On the field, matters often went from predictably bad to worse to ludicrous. In 1944, Brooklyn Dodger manager Leo Durocher, 38, furious at the incompetence of his infield, reactivated himself as a second baseman for a preseason exhibition game and promptly broke his thumb in two places, the result of a bad throw from shortstop Gene Mauch. Jimmie Foxx, the Athletics and Red Sox slugger who had retired after the 1942 season, was coaxed back onto the field by the Cubs in 1944, and again by the Phillies in the following season. Foxx, 36, appeared in 89 games for Philadelphia and hit .268. But he also pitched on nine occasions, starting two games, and ended the season with a record of 1-0 and an eye-opening ERA of 1.57.
Other graybeards back in uniform included Babe Herman, who had ended his pro career in 1937. Herman, 42, played for Brooklyn in 1945 and, recalling his earlier days with the Dodgers' Daffiness Boys of the '30s, singled in his first at bat and fell down rounding first. Ben Chapman, who was an outfielder with the Yankees in the '30s, was reincarnated as a pitcher for Brooklyn in 1944 and went 5-3. The following season, he had a 3-3 record, pitching for both the Dodgers and the Phillies.
At the other end of the age scale, Nelson Fox was still in the Boy Scouts when, at 16, he went to spring training with the 1944 Philadelphia Athletics. And 15-year-old Joe Nuxhall took the mound for Cincinnati on June 10, 1944, giving up five runs on two hits and five walks in just two thirds of an inning.
The names, numbers and misadventures of the 1942-45 seasons read like a Who's Not Who of baseball:
Nick Etten of the Yankees won the 1944 home run title with 22 dingers, the fewest since Babe Ruth tied Tilly Walker for the 1918 title, with 11.
The 1944 World Series was played between the Browns and their Sportsman's Park cotenants, the St. Louis Cardinals. A play that might have typified the times came on Cardinal pitcher Max Lanier's sacrifice bunt in the third inning of the second game. Only two errors were officially charged, but the way Browns manager Luke Sewell saw it, "We made six misplays on the ball. That's pretty difficult." The Browns lost that game 3-2 in the 11th inning, and they eventually lost the Series in six games. Even that was something of an upset according to Chicago American sportswriter Warren Brown, who before the Series began had written that "neither team was capable of winning."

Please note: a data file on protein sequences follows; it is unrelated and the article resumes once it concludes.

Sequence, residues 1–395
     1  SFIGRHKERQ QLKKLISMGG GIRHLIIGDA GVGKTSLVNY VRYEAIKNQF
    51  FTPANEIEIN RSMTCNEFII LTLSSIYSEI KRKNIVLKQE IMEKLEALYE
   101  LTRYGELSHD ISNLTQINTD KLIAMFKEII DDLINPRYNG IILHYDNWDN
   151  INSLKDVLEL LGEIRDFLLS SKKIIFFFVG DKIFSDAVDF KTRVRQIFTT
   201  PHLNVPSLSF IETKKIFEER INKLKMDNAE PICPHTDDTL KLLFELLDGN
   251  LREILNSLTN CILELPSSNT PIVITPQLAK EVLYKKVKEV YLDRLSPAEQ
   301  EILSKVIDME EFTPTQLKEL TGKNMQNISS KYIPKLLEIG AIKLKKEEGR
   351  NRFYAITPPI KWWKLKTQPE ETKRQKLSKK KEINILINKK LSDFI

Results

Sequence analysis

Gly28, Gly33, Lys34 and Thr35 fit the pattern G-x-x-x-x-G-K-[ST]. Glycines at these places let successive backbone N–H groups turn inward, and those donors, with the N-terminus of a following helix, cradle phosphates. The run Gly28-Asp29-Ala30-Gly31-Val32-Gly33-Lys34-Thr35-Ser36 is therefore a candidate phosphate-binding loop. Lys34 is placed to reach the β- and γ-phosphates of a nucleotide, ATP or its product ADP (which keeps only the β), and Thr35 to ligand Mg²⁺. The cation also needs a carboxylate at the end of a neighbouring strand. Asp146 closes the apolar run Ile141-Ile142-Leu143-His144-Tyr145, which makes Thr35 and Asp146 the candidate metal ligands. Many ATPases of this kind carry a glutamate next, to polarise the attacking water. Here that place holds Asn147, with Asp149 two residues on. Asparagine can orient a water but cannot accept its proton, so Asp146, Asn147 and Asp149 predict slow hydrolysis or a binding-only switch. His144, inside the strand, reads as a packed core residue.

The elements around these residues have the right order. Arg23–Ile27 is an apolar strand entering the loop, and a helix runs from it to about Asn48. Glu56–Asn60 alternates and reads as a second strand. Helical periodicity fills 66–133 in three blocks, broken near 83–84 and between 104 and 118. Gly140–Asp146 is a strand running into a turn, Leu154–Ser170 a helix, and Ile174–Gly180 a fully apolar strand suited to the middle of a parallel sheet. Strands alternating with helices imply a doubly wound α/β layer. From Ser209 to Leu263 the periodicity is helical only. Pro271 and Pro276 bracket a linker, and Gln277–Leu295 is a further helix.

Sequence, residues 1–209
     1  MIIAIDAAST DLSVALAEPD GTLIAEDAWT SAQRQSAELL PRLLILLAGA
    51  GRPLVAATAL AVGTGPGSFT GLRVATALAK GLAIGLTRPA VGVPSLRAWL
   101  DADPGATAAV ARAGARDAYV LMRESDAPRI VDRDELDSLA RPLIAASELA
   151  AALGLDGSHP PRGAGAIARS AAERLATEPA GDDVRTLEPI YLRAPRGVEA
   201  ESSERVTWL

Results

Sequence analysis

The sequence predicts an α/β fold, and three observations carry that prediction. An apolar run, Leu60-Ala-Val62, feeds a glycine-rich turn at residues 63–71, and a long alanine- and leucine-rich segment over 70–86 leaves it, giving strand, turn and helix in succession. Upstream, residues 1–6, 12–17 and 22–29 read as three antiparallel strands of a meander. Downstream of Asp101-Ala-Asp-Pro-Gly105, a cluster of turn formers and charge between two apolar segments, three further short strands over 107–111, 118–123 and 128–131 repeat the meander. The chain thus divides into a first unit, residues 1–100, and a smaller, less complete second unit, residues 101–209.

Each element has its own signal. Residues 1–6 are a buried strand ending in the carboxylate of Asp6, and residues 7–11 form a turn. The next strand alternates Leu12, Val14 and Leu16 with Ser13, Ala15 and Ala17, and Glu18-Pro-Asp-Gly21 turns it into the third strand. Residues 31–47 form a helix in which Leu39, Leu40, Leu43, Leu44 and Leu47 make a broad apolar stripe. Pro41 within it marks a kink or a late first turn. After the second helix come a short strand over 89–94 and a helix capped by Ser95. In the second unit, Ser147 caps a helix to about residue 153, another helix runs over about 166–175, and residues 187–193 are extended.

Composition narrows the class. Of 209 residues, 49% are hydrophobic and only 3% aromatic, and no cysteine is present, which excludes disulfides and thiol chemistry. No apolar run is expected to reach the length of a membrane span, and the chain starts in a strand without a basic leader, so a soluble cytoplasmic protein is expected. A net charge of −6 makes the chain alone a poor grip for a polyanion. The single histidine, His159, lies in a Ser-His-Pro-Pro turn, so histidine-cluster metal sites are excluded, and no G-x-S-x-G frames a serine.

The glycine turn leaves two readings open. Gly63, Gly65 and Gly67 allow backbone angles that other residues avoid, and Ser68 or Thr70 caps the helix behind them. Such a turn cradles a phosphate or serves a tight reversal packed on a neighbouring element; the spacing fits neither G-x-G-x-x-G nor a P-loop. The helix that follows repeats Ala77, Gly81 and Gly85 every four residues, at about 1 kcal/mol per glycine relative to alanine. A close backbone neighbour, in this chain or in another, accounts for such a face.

Any discussion of errors would be in complete without mentioning Cubs shortstop Len Merullo, who made four in one inning on Sept. 13, 1942. His son, Leonard Jr., was born on that day, and both father and son were henceforth nicknamed Boots.
It wasn't just baseball's personnel that was affected by the war. Even the way the game was played had bizarre moments. One of the strangest occurred at an exhibition contest to sell war bonds that took place at New York's Polo Grounds on June 26, 1944. On that day, the home-standing Giants not only played the hometown-rival Dodgers, but they also played the hometown Yankees. The Dodgers played the Yankees, too. In the same game.
Using a format concocted by Paul A. Smith, a Columbia University mathematics professor, the Giants, Dodgers and Yankees played a three-cornered, nine-inning game won by the Dodgers by a score of 5-1 (Yankees) to 0 (Giants). The Yankees batted in the top of the first, sixth and seventh innings, and in the bottom of the third, fourth and ninth. The other two teams also batted and fielded six times, three times each against their two rivals. Mayor Fiorello LaGuardia threw out three first balls in front of 50,000 fans, all of whom had gained admission by buying one or more war bonds. The bond drive was estimated to have raised $6 million.
It has become fashionable to believe that wartime baseball was not truly awful. It was. And yet, let's not be too disparaging. After all, the Browns' 1944 pennant-winning percentage of .578 would have won two of the four major league division titles in 1990 and three of four in 1989.
William Jeanes is the editor in chief of "Car and Driver" magazine.